‘A high tide of 187cm [74 inches] is going to leave an indelible wound,’ calling the floods a ‘dramatic situation’ and warning it would cost hundreds of millions of euros to clean up the damage.
In addition, the flood alarm rang out once more today to signal that the tide is rising again after it receded somewhat overnight.
Heavy rainfall across Italy, combined with high tides that were pushed into Venice by southerly winds, brought chaos to a city built on canals.
The mayor said the floods were ‘the effects of climate change’ and demanded that a long-delayed barrier protection project ‘must be finished soon’.
The so-called ‘Moses’ plan involves 78 moveable gates under the sea that can be raised to protect Venice’s lagoon during high tides.
The project began in 2003 but has been plagued by corruption and rising costs and there is no completion date in sight.
In addition, a recent attempt to test part of the barrier caused worrying vibrations and engineers discovered parts had rusted.
‘They’ve done nothing, neglected it. It doesn’t work and they have stolen six billion euros. The politicians should all be put in jail,’ said local Dino Perzolla, 62.
Zaia, the regional governor, told Italian TV that the barriers were almost complete, but said it was not even clear if they would work against this week’s intense flooding.
A greengrocer pulls a cart of produce through high water in Venice today in the wake of catastrophic flooding in the city
An entrance hall at St Mark’s Basilica in Venice is seen submerged with the visitor’s area deserted today after the floods
A ferry is stranded on the docks as Venetians woke today to devastating scenes after the second highest tide recorded in the lagoon city flooded its historic basilica and left many of its squares and alleyways deep underwater
People walk past a water taxi which is stranded up an alleyway by the entrance to a hotel after the heavy floods in Venice
A boat rests on the shore after it was dragged there by high tides and strong winds in northern Italy last night
Before and after: People walk in St Mark’s Square (left) just hours before the plaza was submerged by floods overnight (right)
Firefighters on a search and rescue mission at a flooded home in Venice, one of dozens of operations they carried out
A group of people in orange protective footwear look on from the flooded Piazzetta dei Leoncini near St Mark’s Basilica
Workers assess the damage at a dock in Venice where part of a fence has been knocked over and destroyed by flooding
The Banksy artwork, portraying a migrant child wearing a life jacket, is seen on the wall of a building in Venice today
An aerial image released by Italian firefighters shows the shoreline of Venice after the flood which submerged the city
People wade through water which submerged most of this rubbish bin and threatened shop windows in Venice today
A long way from the water: A boat is stranded in the Calle delle Rasse alleyway today after the high water levels receded
People walk through water outside La Fenice theatre today where the electrical system at La Fenice theater was deactivated after waters entered the service area
Hotels including the Gritti Palace (left) and businesses including French brand Celine (right) suffered severe flood damage
A man spreads his arms as he stands knee-deep in water in St Mark’s Square, the centrepiece of Venice
A woman carries her luggage through a flooded St Mark’s Square as she checks her phone on Wednesday
Chairs and pews are stacked inside St Mark’s Basilica in Venice after the church was flooded for only the sixth time ever
Under water: People stand on steps in Venice this morning while others wade into the water with boots and waterproof gear
Italian environment minister Sergio Costa blamed climate change and the ‘tropicalisation’ of violent rainfall and strong winds.
‘This is what is happening more and more often in the Mediterranean,’ Costa said on Facebook. ‘Global warming will destroy our planet if we do not immediately reverse the direction.’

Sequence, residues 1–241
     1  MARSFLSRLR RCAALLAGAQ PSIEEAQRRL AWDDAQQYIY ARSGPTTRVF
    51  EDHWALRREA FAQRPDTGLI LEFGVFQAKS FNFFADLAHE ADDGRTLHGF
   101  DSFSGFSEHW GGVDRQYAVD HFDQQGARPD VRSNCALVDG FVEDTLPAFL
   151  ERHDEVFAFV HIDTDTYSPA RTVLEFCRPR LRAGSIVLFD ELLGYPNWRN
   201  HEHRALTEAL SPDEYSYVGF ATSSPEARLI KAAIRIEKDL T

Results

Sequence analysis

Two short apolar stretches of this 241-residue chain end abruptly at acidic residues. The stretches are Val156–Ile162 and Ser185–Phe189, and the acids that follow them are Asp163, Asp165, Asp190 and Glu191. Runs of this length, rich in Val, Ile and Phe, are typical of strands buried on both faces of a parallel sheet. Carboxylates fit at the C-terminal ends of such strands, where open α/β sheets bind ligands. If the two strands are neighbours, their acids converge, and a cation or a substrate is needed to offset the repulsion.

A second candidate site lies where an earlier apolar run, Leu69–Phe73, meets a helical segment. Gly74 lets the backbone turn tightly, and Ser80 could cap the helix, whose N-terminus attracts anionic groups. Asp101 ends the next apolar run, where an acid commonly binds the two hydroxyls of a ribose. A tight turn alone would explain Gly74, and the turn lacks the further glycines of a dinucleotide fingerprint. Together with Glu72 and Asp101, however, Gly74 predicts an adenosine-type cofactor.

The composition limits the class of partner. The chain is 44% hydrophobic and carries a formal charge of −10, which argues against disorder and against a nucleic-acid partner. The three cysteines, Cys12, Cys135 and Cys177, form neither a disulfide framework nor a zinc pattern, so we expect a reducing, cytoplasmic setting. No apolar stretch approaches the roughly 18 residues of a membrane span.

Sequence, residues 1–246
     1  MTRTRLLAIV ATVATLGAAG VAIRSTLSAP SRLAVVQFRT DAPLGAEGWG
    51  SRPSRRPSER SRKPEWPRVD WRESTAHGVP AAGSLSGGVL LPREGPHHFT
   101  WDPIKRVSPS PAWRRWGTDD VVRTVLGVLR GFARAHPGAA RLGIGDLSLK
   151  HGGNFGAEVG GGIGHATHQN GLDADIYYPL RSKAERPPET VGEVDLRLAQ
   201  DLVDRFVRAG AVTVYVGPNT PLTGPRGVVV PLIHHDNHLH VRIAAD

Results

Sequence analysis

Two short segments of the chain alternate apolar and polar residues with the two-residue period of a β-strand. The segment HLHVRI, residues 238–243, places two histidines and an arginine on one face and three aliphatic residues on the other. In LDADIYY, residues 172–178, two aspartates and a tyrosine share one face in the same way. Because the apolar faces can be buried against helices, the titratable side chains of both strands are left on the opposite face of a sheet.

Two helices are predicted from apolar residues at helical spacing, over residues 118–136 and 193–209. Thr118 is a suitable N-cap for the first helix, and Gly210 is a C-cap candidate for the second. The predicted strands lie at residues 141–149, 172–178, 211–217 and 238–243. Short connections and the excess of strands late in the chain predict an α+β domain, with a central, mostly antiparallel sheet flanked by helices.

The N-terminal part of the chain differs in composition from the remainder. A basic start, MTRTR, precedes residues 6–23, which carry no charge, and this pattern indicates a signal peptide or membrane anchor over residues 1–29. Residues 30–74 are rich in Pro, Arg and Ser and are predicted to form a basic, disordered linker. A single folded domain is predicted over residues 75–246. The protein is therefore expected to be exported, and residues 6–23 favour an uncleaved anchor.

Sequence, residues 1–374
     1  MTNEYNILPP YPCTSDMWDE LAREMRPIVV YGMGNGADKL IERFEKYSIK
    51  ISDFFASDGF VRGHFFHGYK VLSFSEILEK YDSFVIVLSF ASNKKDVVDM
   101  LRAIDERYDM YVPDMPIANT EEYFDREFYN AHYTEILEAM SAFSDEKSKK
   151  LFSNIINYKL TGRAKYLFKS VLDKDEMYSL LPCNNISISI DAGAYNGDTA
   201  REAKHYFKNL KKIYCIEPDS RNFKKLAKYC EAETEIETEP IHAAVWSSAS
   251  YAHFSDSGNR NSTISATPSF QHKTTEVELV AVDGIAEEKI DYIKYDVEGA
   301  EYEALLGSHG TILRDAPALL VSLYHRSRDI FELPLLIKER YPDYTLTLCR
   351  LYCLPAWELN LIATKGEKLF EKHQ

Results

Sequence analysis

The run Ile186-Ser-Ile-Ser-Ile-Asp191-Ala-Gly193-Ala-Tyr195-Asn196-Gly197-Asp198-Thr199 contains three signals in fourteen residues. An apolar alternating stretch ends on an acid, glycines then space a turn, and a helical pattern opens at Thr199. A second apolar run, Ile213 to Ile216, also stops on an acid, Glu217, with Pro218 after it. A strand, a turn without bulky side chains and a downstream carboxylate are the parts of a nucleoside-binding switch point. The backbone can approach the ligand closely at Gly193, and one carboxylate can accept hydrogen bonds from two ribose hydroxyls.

Professor Nigel Wright, an expert in flood risk management at Nottingham Trent University, said the high water levels were a ‘double whammy of an extreme high tide and the low pressure from a storm raising the sea level’.
‘With sea levels rising this is likely to become more and more common causing untold damage to centuries-old buildings,’ he warned.
‘The city has long planned for a defence system around the Venice lagoon, but such plans take a long time to plan, agree and implement,’ he said.
The basilica’s sixth flood in 1,200 years was its fourth in the last 20, and the vestibule of the church was inundated with water today.
The flood sparked fears for the church’s collection of rich mosaics and artworks, and dirty water was swirling around marble tombs in the crypt today.
‘We’re talking about millions of euros worth of damage,’ said Carlo Alberto Tesserin, first procurator of the Basilica, who is the president of a team responsible for managing the historic site.
‘We said last year that the Basilica had aged 20 years in a high tide. It risks having aged much more than that in this one,’ he said.
Venice archbishop Francesco Moraglia told a news conference that ‘the Basilica is suffering structural damage because the water has risen and so it’s causing irreparable damage, especially when it dries out in the lower section of the mosaics and tiling.’
A man in a red raincoat wades through the high waters of St Mark’s Square while others look on from archways at the side
Shop assistants clean up a flooded glassware shop in Venice today after the high-water mark reached more than six feet
Water fills the floor of a shop where chairs and other items of furniture have been stacked on tables to keep them dry
A man lifts a trolley above the water while others wade through the high tide this morning after intense flooding yesterday
Tourists pull their suitcases along specially-constructed walkways today after the streets and alleys were submerged
Stranded: A Venetian ferry lies on its side near a bridge today after high waters caused huge damage in Venice
Gondolas rest by the side of a canal while a man walks along a pavement which is also submerged in water in Venice today
In addition, the electrical system at La Fenice theatre was switched off after floodwaters entered a service area, and firefighters tackled a blaze at the Ca’ Pesaro modern art gallery which was caused by a short circuit.
Italian prime minister Giuseppe Conte announced he was on his way to Venice later today to inspect the scale of the damage.
One of his colleagues, education minister Lorenzo Fioramonti, also raised global warming as a likely cause and said ‘the consequences of climate change do not allow for delay’.